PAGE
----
14. Wang, H. U., Chen, Z.-F. & Anderson, D. J. Molecular distinction and angiogenic interaction between embryonic arteries and veins revealed by ephrin-B2 and its receptor Eph-B4. Cell 93, 741–753 (1998)

    Article  CAS  PubMed  Google Scholar 

  15. Gerety, S. S., Wang, H. U., Chen, Z.-F. & Anderson, D. J. Symmetrical mutant phenotypes of the receptor EphB4 and its specific transmembrane ligand ephrin-B2 in cardiovascular development. Mol. Cell 4, 403–414 (1999)

    Article  CAS  PubMed  Google Scholar 

  16. Shalaby, F. et al. Failure of blood-island formation and vasculogenesis in Flk-1-deficient mice. Nature 376, 62–66 (1995)

    Article  ADS  CAS  PubMed  Google Scholar 

  17. Kawasaki, T. et al. A requirement for neuropilin-1 in embryonic vessel formation. Development 126, 4895–4902 (1999)

    CAS  PubMed  Google Scholar 

  18. Zhong, T. P., Childs, S., Leu, J. P. & Fishman, M. C. Gridlock signalling pathway fashions the first embryonic artery. Nature 414, 216–220 (2001)

    Article  ADS  CAS  PubMed  Google Scholar 

  19. Fischer, A., Schumacher, N., Maier, M., Sendtner, M. & Gessler, M. The Notch target genes Hey1 and Hey2 are required for embryonic vascular development. Genes Dev. 18, 901–911 (2004)

    Article  CAS  PubMed  PubMed Central  Google Scholar 

  20. Garcia-Porrero, J. A., Godin, I. E. & Dieterlen-lievre, F. Potential intraembryonic hemogenic sites at pre-liver stages in the mouse. Anat. Embryol. (Berl.) 192, 427–435 (1995)

    Article  Google Scholar 

  21. Tavian, M. et al. Aorta-associated CD34+ hematopoietic cells in the early human embryo. Blood 87, 67–72 (1996)

    CAS  PubMed  Google Scholar 

  22. Medvinsky, A. L., Samoylina, N. L., Muller, A. M. & Dzierzak, E. A. An early pre-liver intraembryonic source of CFU-S in the developing mouse. Nature 364, 64–67 (1993)

    Article  ADS  CAS  PubMed  Google Scholar 

  23. Godin, I. E., Garcia-Porrero, J. A., Coutinho, A., Dieterlen-lievre, F. & Macros, M. A. Para-aortic splanchnopleura from early mouse embryos contains B1a cell progenitors. Nature 364, 67–69 (1993)

    Article  ADS  CAS  PubMed  Google Scholar 

  24. Zhang, J. et al. Identification of the haematopoietic stem cell niche and control of the niche size. Nature 425, 836–841 (2003)

    Article  ADS  CAS  PubMed  Google Scholar 

  25. Calvi, L. M. et al. Osteoblastic cells regulate the haematopoietic stem cell niche. Nature 425, 841–846 (2003)

    Article  ADS  CAS  PubMed  Google Scholar 

  26. Hogan, B. L. M., Beddington, R. S. P., Costantini, E. & Lacy, E. Manipulating the Mouse Embryo, a Laboratory Manual (Cold Spring Harbor Laboratory Press, New Yolk, 1994)

    Google Scholar 

  27. Adams, R. H. Molecular control of arterial-venous blood vessel identity. J. Anat. 202, 105–112 (2003)

    Article  CAS  PubMed  PubMed Central  Google Scholar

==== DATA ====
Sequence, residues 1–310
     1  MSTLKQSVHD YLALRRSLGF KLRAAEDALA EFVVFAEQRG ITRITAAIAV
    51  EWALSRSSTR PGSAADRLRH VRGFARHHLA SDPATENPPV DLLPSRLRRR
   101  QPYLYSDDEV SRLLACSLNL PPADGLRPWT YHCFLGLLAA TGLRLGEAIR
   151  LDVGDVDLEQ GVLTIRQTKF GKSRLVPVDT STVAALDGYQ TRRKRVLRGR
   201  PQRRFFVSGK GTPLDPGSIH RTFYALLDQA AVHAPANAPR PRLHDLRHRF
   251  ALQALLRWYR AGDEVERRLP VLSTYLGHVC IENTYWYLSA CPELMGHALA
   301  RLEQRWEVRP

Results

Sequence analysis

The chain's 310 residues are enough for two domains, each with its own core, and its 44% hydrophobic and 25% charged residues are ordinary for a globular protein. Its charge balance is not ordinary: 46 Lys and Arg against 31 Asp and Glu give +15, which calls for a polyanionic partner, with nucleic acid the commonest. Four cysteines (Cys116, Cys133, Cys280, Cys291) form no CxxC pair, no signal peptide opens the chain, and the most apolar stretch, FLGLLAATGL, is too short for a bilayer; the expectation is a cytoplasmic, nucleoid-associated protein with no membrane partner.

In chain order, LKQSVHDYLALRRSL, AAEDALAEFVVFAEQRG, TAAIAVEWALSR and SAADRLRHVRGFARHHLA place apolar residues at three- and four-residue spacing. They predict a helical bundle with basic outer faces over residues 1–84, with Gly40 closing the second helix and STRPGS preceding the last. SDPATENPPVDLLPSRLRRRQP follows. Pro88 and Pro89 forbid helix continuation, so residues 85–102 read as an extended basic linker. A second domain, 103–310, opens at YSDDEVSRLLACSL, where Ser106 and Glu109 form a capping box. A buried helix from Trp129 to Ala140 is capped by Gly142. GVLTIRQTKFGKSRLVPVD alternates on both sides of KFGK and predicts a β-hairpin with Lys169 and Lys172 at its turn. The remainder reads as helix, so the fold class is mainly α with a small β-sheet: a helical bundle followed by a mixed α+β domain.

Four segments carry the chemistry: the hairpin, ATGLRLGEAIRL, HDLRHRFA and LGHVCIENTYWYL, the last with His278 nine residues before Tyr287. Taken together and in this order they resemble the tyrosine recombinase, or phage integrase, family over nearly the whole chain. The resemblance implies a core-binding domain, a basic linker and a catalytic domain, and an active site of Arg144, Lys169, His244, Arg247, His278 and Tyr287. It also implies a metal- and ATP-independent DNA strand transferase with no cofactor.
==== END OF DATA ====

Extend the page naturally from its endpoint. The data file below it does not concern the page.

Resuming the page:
Download references

Acknowledgements

We thank W. Qian and C. Yang for technical assistance; M. Yanagisawa for providing the Tie2-Cre transgenic mice; Y. Furuta for providing the Efnb2 construct for RNA in situ hybridization; and F. Petit for the COUP-TFII minigene construct. We also thank L.-Y. Yu-Lee and H. J. Bellen for discussions and critical reading of the manuscript. This work was supported by NIH grants to S.Y.T. and M.-J.T.

Author information

Authors and Affiliations

Authors

Corresponding authors

Correspondence to Ming-Jer Tsai or Sophia Y. Tsai.

Ethics declarations

Competing interests

The authors declare that they have no competing financial interests.

Supplementary information

Supplementary Figure S1

Differential expression pattern of COUP-TFII using knockin lacZ reporter as a marker in the vasculature. (PDF 158 kb)

Supplementary Figure S2

Model of cell autonomous versus non-cell autonomous functions. (PDF 50 kb)

Supplementary Figure S3

Endothelial-specific knockout of COUP-TFII by Tie2-Cre. (PDF 125 kb)

Supplementary Figure S4

The endothelial-specific COUP-TFII null mutants exhibited a variety of vascular defects. (PDF 138 kb)

Supplementary Figure S5

The haematopoietic-specific markers in haematopoietic cell clusters of the mutant. (PDF 99 kb)

Supplementary Figure Legends

Legends to accompany the above Supplementary Figures. (DOC 25 kb)

Rights and permissions

Reprints and Permissions

About this article

Cite this article

You, LR., Lin, FJ., Lee, C. et al. Suppression of Notch signalling by the COUP-TFII transcription factor regulates vein identity. Nature 435, 98–104 (2005). https://doi.org/10.1038/nature03511

Download citation

  • Received:

  • Accepted:

  • Issue Date:

  • DOI: https://doi.org/10.1038/nature03511

This article is cited by

Comments

By submitting a comment you agree to abide by our Terms and Community Guidelines. If you find something abusive or that does not comply with our terms or guidelines please flag it as inappropriate.

Search

Quick links

Nature Briefing

Sign up for the Nature Briefing newsletter — what matters in science, free to your inbox daily.

Get the most important science stories of the day, free in your inbox. Sign up for Nature Briefing